Without a doubt Thomas Sheraton was the last and perhaps the best of English furniture designers and makers, adding his name to the top four along with Thomas Chippendale, George Hepplewhite and Robert Adam. The Sheraton furniture style dominated the years between 1790 and 1806.
Unlike his designer contemporaries or predecessors Thomas Sheraton was barely able to support himself through his trade. It has been recorded that Sheraton was not a personable type and perhaps because of this did not gain many commissions from those who could pay well. Yet, Sheraton was probably superior in his skills to other furniture designers of the time. His designs excelled in perfect proportion, simplicity, restraint, and good taste in ornamental design.
Sheraton’s best work was influenced by the French style of Louis XVI. Later in Sheraton’s career he was forced by popular demand to incorportate the French Empire style although it is said that his work near the end of his career was not inspired. His later designs were and remain a disappointment. However, Sheraton should not be judged by his latter work but by his earlier designs.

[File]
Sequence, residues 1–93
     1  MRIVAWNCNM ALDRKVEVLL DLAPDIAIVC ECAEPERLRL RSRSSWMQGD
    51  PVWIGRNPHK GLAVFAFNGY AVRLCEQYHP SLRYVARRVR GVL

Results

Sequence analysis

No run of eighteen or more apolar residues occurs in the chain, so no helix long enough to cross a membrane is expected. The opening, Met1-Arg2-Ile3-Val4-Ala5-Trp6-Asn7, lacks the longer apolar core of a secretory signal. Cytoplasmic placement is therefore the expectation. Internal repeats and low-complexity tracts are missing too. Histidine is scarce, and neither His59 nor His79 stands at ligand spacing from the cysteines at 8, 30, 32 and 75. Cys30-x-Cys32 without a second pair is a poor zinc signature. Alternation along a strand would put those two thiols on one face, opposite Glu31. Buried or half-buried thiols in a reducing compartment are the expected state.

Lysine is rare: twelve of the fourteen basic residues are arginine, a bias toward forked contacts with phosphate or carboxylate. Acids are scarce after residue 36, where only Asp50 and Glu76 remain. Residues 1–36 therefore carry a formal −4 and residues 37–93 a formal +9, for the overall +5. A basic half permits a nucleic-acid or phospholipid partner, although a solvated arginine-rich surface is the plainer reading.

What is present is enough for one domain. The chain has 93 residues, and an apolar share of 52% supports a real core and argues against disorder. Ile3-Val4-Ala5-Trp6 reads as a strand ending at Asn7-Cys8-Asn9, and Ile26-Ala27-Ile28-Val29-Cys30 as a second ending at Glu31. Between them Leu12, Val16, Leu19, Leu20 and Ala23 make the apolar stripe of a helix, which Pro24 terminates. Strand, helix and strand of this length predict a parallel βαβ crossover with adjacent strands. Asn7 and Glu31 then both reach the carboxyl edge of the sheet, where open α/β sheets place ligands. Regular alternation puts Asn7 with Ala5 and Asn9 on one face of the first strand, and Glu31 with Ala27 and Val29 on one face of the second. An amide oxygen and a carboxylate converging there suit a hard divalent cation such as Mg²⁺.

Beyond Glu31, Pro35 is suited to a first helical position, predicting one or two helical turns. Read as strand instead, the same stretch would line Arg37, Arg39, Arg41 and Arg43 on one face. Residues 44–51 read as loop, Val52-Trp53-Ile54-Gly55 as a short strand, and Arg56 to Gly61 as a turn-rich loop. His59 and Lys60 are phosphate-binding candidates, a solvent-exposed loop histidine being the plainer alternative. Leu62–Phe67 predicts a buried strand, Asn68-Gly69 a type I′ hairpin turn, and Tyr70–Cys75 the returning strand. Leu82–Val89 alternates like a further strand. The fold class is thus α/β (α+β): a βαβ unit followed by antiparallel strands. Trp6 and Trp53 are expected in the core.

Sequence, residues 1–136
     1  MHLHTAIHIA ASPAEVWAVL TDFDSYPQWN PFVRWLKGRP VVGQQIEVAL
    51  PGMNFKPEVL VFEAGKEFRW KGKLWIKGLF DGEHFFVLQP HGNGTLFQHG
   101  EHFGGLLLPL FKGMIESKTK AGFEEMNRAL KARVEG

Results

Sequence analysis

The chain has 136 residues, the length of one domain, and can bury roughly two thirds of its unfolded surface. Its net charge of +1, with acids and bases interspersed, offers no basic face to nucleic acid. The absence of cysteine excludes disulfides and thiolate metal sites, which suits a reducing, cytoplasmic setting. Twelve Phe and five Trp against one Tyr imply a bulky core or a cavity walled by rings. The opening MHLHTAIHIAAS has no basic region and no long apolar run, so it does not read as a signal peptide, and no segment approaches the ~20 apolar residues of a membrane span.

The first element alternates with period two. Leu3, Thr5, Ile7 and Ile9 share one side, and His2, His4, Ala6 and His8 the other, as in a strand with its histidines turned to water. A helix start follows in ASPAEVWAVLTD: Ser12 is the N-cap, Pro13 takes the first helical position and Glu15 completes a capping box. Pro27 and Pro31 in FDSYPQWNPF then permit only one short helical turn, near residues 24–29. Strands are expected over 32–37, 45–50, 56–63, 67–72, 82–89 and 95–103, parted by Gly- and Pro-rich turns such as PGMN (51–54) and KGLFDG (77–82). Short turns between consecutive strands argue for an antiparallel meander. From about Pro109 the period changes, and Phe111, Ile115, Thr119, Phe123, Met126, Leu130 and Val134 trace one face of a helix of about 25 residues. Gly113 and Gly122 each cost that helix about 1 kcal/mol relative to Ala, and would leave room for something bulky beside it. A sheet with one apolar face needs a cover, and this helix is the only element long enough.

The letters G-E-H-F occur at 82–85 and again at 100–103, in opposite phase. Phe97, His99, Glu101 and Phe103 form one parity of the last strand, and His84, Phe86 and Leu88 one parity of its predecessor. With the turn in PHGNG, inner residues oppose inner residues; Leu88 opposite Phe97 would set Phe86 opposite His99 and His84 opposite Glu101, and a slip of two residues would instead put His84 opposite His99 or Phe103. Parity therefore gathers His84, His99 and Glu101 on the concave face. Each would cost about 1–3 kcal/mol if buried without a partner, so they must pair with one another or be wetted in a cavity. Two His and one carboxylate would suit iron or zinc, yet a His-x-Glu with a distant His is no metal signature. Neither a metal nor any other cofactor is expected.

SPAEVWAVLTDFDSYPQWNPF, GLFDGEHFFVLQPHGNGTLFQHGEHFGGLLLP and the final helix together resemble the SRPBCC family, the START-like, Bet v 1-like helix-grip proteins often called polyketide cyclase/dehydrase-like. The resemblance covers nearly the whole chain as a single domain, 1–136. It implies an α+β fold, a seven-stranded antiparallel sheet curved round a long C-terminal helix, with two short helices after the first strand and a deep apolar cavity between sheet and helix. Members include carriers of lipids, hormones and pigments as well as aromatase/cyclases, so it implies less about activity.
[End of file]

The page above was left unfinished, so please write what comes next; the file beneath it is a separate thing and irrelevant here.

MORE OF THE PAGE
Thomas Sheraton is perhaps best known for his cabinet work, his sideboards and small tables. When comparing Sheraton to Hepplewhite, Sheraton’s chairs were structurally sounder and more handsome. The Sheraton style differed from Hepplewhite’s in that his chairs were well braced underneath, the backs were straight and rectangular, the legs were often turned or tapered and occasionally fluted.
Cabinets and taller pieces created by Sheraton were often thinner than those of Hepplewhite giving them a more linear look. When applying veneers Sheraton often used oval patterns and designs as opposed to the rectangular shapes that were prominent in Hepplewhite’s designs.
Sheraton died in 1806 but his designs have continued to grow in interest and value.